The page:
Yesterday at the library event, the librarian mentioned the story I have on my website that I titled The House That Jack built. It's about my writing career, how it all started and the first character who ever took up residence in my mind as a real live person. I realized I've never shared that story with my blog readers, so here it is!
The House That Jack Built
Writers work toward the ultimate goal of publication. We stress over sentence structure, editing, agents, pitching, querying, etc. The list of things to stress about is endless. But how often do we stop to take a moment to appreciate the special journey we are on as authors? Since I started to write seriously four years ago (UPDATE: make that seven years now!), after saying for years I was going to, I've had a few amazing things happen to me that never would've happened if I hadn't embarked upon this journey. I have several anecdotes, but this is my favorite....
The first character to take up occupancy in my mind as a living, breathing human being, was a handsome, successful architect named Jack Harrington. Jack and I ran around together for a long time before I ever put fingers to keyboard to tell his story. I wanted to write about a man who has it all—a wife he still adores after twenty years of marriage, three beautiful daughters he'd do anything for, and a life most people would envy. That life is turned upside down when his wife is hit by a car and plunged into a coma. I wanted to show Jack's struggles to rebuild his life as he becomes the custodial parent for his daughters—two of them teenagers with all the accompanying issues—and I wanted to show his conflict when he finds a new love. These issues make up the core of my first book, "Treading Water," which led to two sequels, "Marking Time," and "My Side of the Street." It's "Treading Water," however, that is the book of my heart.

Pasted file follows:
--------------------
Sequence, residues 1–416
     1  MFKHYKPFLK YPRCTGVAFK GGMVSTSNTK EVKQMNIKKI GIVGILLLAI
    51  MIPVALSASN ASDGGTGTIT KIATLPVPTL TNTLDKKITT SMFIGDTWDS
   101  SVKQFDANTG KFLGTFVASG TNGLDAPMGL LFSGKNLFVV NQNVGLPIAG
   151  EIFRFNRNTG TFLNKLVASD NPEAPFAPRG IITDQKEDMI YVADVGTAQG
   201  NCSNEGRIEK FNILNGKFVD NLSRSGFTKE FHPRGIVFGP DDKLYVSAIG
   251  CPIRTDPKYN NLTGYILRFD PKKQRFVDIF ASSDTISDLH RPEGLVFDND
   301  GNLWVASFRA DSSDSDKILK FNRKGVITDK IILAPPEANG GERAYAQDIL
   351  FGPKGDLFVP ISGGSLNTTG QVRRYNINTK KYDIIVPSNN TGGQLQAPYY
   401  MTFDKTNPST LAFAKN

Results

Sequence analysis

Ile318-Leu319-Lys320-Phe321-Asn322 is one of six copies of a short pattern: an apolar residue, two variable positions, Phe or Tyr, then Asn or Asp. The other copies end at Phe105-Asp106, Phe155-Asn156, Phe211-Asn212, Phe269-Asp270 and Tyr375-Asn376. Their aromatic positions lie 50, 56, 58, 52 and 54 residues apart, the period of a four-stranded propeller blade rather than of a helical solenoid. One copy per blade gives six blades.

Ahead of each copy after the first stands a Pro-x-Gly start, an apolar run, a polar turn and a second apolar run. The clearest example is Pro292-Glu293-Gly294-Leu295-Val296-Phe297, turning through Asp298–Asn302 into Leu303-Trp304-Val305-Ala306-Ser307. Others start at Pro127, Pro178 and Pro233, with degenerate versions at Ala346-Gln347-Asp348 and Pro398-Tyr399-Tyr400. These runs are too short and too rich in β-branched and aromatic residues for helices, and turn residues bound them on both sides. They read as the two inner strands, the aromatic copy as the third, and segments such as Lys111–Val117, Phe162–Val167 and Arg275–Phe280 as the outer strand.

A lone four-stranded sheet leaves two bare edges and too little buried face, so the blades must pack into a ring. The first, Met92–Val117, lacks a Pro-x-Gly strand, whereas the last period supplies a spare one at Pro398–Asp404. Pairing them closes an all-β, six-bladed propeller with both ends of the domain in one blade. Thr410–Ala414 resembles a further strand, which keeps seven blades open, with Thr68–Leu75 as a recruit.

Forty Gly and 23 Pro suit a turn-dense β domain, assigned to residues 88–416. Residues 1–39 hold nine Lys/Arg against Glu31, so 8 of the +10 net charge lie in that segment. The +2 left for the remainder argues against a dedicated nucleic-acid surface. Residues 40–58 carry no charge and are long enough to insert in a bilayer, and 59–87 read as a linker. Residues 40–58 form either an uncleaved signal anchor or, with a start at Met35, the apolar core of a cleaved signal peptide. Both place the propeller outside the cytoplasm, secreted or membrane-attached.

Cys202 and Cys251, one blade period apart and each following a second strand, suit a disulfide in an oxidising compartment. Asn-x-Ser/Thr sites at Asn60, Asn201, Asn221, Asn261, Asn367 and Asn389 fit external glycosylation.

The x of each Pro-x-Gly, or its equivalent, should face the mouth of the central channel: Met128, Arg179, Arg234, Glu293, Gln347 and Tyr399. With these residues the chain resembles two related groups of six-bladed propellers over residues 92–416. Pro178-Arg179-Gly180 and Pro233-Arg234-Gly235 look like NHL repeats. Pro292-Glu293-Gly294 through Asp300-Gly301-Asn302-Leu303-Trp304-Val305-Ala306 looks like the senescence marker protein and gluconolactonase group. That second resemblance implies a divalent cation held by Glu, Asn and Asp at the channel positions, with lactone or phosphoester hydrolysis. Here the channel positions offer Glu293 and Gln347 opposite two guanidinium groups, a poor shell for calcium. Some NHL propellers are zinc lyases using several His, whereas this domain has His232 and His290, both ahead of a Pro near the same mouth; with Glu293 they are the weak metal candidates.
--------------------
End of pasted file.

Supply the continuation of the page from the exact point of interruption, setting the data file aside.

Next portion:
Since I finished "Treading Water," I've thought of my writing as "The House That Jack Built," tying into his career as an architect and the unexpected building blocks that came from "Treading Water." As I was finishing "My Side of the Street" in July 2006, I decided to drive out to Chatham, Massachusetts, so I could finish it in the town where it was set. Yes, this was a huge indulgence, but it coincided with the half-way point of summer vacation and my kids were driving me nuts. I had earned this night away! The first thing I did when I got to Chatham was drive around to check out the four streets I had chosen from hundreds on a map to place my characters' homes. I figured if there was, say, a cement factory on both sides of the street, the people of Chatham would know I hadn't bothered to come out there and check—if I was lucky enough to see the book published. I am pleased to report there were houses on all four streets, but on the corner of the fourth street, there was something else—a red house with a sign on the side that said, "The House That Jack Built." No, I am not kidding, and yes, I sat there and cried. If ever there was a "sign" that I was on the path I was meant to be on, there it was. It was without a doubt, one of the most amazing moments of my life, and I will never, ever forget it. (Thanks to my friend Janet Campbell for taking the picture for me!)
That same week, after I got home and told my sister-in-law this story, she approached me at a family party to say, "You won't believe this! I was having trouble sleeping at my friend's house the other night and got up to see if she had a magazine or something I could look at." She found an old copy of Architectural Digest, which is mentioned in "Treading Water," and there was a spread with the headline "The House That Jack Built." She had torn it out for me and that page is framed over my desk to remind me that this is a marathon, not a sprint, and it's about the journey, not the destination.
I still have fingers and toes crossed for the "Treading Water" books. Maybe someday...